An hour later we arrived in Chateau Landon. This was our first taste of the real France and it didn't disappoint. We entered the town on the D40, going up a short rise into busy a pedestrianised square. This was some kind of Sunday market and stalls were set up here in the middle of the town. We weaved through the crowds of people and headed for the quieter streets toward the back of the church. This is a nice small town of two-storey high old buildings, unspoiled by alterations and has the old church in the centre, fairly typical of small French towns. It was a bit early to stop for too long, so after a short break for taking pictures we carried on the D7 out toward Sceaux.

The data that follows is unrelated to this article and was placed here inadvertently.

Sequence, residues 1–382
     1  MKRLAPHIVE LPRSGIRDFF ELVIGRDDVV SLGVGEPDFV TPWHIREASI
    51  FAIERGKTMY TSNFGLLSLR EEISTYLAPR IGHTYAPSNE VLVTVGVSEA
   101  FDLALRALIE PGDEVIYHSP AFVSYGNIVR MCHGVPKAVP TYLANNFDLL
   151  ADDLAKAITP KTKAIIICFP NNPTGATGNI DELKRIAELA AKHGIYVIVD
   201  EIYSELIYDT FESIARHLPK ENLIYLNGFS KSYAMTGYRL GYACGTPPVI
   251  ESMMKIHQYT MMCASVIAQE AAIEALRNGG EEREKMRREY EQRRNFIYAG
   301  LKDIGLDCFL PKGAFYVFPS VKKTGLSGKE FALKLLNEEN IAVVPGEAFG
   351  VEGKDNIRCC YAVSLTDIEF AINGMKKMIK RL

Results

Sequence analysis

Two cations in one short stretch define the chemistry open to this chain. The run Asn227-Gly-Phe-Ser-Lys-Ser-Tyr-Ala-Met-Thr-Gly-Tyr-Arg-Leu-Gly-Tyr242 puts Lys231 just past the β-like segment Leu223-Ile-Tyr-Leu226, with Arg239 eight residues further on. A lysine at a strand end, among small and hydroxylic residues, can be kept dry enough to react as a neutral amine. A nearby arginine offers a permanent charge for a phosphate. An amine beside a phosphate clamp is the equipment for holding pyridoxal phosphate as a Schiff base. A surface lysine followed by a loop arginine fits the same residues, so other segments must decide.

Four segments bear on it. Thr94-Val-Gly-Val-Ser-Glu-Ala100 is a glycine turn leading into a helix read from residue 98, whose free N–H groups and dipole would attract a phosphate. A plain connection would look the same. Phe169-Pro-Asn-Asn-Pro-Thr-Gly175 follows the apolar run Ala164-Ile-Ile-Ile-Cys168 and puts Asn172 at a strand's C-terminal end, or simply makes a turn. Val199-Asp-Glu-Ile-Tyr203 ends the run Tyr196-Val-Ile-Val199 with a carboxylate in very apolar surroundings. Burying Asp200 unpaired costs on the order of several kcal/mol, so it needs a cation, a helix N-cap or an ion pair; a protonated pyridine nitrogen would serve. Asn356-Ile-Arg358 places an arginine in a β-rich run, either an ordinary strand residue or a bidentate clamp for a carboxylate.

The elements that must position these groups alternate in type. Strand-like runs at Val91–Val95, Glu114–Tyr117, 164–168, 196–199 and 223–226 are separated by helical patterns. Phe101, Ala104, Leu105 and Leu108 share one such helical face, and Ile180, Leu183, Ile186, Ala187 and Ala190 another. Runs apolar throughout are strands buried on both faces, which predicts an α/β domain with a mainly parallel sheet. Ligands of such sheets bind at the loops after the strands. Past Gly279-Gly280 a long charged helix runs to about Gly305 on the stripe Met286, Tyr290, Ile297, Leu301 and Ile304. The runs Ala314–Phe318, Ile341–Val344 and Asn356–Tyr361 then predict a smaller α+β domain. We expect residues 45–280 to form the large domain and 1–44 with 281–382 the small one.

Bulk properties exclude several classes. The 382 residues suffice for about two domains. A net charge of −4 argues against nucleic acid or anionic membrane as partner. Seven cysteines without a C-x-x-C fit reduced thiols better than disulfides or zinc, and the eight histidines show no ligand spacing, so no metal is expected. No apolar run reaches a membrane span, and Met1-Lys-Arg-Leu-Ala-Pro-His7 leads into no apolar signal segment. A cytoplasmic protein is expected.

We rolled into Sceaux-du-Gatinais at mid-day starting to get hungry. The place was deserted and we entered what appeared to be the only cafe/restaurant in the village, called 'Le Trady'. The lady behind the counter said they had no more room for anyone due to an 'after-church' dinner booking having been scheduled. However the chef overheard our conversations and revoked her decision when we explained our limited requirements to him in our pidgeon French. We were to sit by the front in the cafe area. He made us up some long meat and cheese baguettes which we had with a cold beer. They tasted rather good and it was fine fare for the day ahead. Then it was on for a couple of hours riding south on the D31 through Corbielles, and close to Lorcy, Ladon, Auvilliers, Beauchamps and then the D44 until we stopped at a hostelry called 'Le Relais' at Coudroy. We had a welcome respite here, with a cold beer, inside the pub out of the sunshine and sitting on wooden bench seats along with a few of the locals. From Coudroy we zig-zagged on minor roads, the D88 and down to St. Benoit -sur-Loire. We arrived at our gite called 'Ferme La Borde' about 3.45pm. The proprietor was a farmer called Dominique Bouin who lived on the farm with his wife Mireille. Dominique welcomed us and directed that our bikes be taken across the road to his large barn for the night. The farm was fairly remote so there were no worries about bike security. Afterwards we were shown to very comfortable accommodation consisting of en-suite, traditional style decor with TV and a comfortable bed. French windows with mosquito screens let the afternoon light into our twin bed room casting shadows. After emptying our necessities from our panniers and having a shower we wandered round to a large garden with tall trees and an abundance of flowers. Our evening meal was taken in a conservatory at the rear of the house. This meal comprised of soup, exotic cheeses and home grown produce and of course the local wine. We sat around a large oval table with other guests and members of family. This is the usual arrangement found in gites, as they are called, and the intimacy allows conversation that demands you try out your French. However, if you are shy the folks will speak some English. All very light hearted with lots of pointing, gesturing and laughter. After dinner we sat outside in the garden until it got dark, thinking and talking of our cycling the next day.